Premier Sandy Silver and Acting Chief Medical Officer of Health Dr. Catherine Elliott spoke about the latest COVID-19 situation this morning.
Almost one year to the day since the first COVID-19 vaccine was administered in the Yukon, this morning Premier Sandy Silver and Acting Chief Medical Officer of Health Dr. Catherine Elliott held the their first COVID update of the new year.
“You may be done with the pandemic but certainly the pandemic is not finished with us yet,” said Silver.
Dr. Elliott shined some light onto the current situation.
She said that we are in a new phase of the pandemic with cases of Omicron on the rise across the country and the Yukon is seeing “unprecedented” numbers.
Over the past seven days, the Yukon is averaging 58 new infections a day. The average over the past three days is 63.
At this morning’s briefing Dr. Elliott said there were 302 active cases in the territory, that is up from yesterday when the active infection count was sitting at 269. A case update released this afternoon said infections have risen to 325.
With community transmission and exposure possible in a lot of places, according to Dr. Elliott you can safely assume you have COVID-19 if you are experiencing symptoms and most people wont need a test. She said the majority of people who get sick with the Omicron variant will have mild illness and should stay home and take care of themselves for seven days. She said an online tool is coming to help people determine if they have COVID which will free up the territory’s testing system for those who are at risk of severe disease or those who are vulnerable. Dr. Elliott also said that the Yukon has about 5,000 rapid antigen test kits from the federal government and they are working on getting more.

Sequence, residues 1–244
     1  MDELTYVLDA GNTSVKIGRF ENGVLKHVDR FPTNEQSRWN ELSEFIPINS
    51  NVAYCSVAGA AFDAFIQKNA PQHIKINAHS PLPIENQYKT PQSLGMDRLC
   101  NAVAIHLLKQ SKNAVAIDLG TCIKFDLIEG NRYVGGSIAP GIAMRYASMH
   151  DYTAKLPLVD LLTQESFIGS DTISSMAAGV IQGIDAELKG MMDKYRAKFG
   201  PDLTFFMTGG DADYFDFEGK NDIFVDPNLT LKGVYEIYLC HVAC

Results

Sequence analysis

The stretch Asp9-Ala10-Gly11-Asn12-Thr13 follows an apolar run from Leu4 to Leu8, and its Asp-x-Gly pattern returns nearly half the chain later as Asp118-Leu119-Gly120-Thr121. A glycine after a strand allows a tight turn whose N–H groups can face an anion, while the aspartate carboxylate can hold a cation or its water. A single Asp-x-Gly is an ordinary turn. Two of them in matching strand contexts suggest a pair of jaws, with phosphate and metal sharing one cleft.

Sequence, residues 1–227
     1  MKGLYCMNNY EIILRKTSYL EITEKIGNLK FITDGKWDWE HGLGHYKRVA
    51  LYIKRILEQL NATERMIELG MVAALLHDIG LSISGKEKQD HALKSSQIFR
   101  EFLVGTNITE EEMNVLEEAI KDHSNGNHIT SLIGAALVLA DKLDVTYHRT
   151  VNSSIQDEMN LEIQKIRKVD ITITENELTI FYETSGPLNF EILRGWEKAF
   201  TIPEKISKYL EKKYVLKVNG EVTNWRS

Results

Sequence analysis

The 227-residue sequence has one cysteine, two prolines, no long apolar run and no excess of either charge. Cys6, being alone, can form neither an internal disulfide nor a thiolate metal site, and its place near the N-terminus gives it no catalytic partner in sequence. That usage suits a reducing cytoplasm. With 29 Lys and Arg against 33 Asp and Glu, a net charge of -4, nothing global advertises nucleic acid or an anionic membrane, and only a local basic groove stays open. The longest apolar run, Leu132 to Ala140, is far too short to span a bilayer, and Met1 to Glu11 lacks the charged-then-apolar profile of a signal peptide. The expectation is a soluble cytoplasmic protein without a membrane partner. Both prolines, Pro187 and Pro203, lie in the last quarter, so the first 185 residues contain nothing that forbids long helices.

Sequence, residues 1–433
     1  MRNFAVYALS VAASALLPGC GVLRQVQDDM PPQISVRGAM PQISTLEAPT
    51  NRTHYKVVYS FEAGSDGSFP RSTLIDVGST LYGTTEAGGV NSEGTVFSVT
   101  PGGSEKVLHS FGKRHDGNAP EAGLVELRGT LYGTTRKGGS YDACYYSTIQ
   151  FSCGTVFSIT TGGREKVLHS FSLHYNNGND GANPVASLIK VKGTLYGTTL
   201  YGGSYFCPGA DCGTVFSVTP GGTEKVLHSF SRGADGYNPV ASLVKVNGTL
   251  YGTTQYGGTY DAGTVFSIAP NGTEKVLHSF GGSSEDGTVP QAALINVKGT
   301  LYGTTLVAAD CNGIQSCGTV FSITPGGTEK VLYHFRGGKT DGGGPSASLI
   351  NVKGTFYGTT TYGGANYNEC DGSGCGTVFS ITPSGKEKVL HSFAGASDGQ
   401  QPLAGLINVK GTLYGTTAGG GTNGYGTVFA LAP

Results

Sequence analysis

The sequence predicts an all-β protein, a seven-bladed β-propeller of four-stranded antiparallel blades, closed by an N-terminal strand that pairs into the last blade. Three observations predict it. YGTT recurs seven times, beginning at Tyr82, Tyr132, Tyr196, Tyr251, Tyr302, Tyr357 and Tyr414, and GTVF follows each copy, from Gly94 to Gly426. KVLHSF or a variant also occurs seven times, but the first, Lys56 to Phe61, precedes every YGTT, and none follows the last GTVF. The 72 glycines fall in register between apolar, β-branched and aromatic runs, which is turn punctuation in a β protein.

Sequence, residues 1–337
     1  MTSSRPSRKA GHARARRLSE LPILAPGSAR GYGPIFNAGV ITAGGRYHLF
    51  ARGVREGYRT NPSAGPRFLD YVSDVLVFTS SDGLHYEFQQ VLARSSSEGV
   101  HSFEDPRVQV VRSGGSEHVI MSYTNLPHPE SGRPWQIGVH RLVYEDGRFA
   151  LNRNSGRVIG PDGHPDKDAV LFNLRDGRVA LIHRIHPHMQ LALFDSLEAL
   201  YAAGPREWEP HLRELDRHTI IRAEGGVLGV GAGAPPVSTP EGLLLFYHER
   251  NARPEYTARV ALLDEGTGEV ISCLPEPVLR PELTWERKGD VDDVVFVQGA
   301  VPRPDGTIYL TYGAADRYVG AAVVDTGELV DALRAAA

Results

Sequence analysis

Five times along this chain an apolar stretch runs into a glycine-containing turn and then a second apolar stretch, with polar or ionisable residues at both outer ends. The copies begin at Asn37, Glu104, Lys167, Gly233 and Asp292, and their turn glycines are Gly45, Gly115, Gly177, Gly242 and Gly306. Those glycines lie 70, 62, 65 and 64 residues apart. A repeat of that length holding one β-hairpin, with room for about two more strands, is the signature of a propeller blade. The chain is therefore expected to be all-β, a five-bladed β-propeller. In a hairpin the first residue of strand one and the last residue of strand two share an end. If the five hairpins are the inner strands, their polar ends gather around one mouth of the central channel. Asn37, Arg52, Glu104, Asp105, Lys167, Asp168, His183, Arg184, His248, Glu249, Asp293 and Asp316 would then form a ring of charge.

Dr. Elliot said that vaccines are not as effective at preventing illness from Omicron compared to other variants, but shots still reduce your likelihood of getting sick and are essential to make sure the Yukon’s health system - which has a total of four ICU beds - is not overwhelmed.
“When you are fully vaccinated, you are less likely to become infected. When you are fully vaccinated you are less likely to infect your contacts. When you are fully vaccinated you are less likely to be hospitalized, to need oxygen or breathing support or even to die. This why vaccine is so important now,” said Dr. Elliott.
This Friday, new public safety measures will be enforced under the Civil Emergencies Measures Act, including limits on gathering sizes and capacity caps on bars and restaurants.